Lowellville bridge pier demolition project was an operation to remove 12 abandoned concrete bridge piers from the Mahoning River. The piers were creating a hazard by collecting debris that was floating down stream and creating a serious damming effect that not only created a potential for flooding but was also changing the flow of the water and creating erosion issues.
This project began by hauling recycled concrete from an offsite location in to build a causeway. The material was delivered utilizing the access road adjacent to the CSX rail road tracks. The material was then placed in the river starting at the south abutment.
The causeway installation was carried out in phases. The first phase included a combination of dozers, loaders, excavators and haul trucks placing the recycled concrete to an elevation just above the 100 year high water mark to ensure the safety of the workforce and equipment. This was the platform from which the demolition was carried out. During this phase the causeway was covering approximately half of the river bed allowing access to the first six piers.
As the causeway was installed and the machinery continued to reach farther across the river, the trees and garbage that had been accumulating on the upstream side of the piers was removed. The garbage was hauled off site and disposed of at a licensed disposal facility and the trees were placed in the tree disposal site on the First Energy property.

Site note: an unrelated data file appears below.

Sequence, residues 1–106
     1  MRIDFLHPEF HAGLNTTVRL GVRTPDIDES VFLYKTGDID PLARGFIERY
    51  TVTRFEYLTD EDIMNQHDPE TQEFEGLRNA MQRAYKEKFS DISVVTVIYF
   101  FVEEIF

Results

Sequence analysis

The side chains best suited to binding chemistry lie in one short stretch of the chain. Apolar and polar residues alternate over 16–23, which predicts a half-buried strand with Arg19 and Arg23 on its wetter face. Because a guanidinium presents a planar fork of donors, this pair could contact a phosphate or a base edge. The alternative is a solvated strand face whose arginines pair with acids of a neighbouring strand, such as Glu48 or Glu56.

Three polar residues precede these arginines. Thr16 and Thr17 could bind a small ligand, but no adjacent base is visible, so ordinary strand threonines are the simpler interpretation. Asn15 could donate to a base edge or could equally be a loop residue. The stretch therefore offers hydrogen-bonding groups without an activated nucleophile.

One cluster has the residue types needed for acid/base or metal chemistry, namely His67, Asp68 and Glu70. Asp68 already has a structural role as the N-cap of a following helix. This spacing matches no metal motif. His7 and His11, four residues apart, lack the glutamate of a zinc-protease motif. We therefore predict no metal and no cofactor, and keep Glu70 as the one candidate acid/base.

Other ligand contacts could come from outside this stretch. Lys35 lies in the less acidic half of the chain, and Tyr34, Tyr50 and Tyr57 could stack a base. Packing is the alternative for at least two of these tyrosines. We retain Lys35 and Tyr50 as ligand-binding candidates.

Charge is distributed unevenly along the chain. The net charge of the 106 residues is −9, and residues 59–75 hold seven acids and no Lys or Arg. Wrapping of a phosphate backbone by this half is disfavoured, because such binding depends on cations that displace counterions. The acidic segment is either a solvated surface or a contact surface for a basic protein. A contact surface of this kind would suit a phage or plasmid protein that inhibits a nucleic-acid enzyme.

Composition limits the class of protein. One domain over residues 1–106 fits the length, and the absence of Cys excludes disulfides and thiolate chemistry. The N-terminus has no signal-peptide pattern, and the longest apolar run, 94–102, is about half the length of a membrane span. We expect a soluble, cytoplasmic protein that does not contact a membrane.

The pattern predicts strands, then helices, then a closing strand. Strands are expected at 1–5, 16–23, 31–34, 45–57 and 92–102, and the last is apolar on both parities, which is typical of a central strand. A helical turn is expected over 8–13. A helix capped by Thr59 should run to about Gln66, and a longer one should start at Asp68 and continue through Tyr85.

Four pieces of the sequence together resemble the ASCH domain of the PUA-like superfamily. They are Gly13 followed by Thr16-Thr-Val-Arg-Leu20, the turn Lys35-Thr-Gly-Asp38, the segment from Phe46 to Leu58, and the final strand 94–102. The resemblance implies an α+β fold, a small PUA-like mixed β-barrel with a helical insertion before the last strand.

The piers were then taken down to just above the water level by mechanical means using a hydraulic powered hammer mounted on an excavator. Once all six of the piers in this section were down to this level the machines were moved out of the immediate work area. Once the area was vacated a blasting company began the process of drilling the piers and placing charges to demolish the balance of the pier.
The piers were removed to a depth equal to 3’ below the mudline of the river based on the direction of the Army Corps of Engineers. Upon completion of the blasting of the first six piers the explosives contractor then removed their equipment from the work area to allow us to regain access to the work area.
At this point the causeway and the rubble generated from the demolition of the piers was removed from the phase 1 causeway area and moved northward in the river to gain access to remaining six piers. This was accomplished by bailing the material from the far south end of the causeway and placing it on the immediate north end of the causeway.
When the causeway was completed on the far north end of the riverbed we began the process of taking down the remaining piers. The same operation as before will be repeated including both the mechanical and explosive demolition.
When demolition was complete, the causeway material was again moved, going from the north end of the causeway to the south. As this process was completed the riverbed was left smooth with no major changes in grade to allow constant and consistent flow of the river. Once the causeway connected to the south shore again the excess causeway material began to be removed from the river.
Some of the recycled material was placed along the river bank to restore damaged areas caused by erosion over the years. Other processed material will then be placed on the roadways to address any wear that was caused by this process.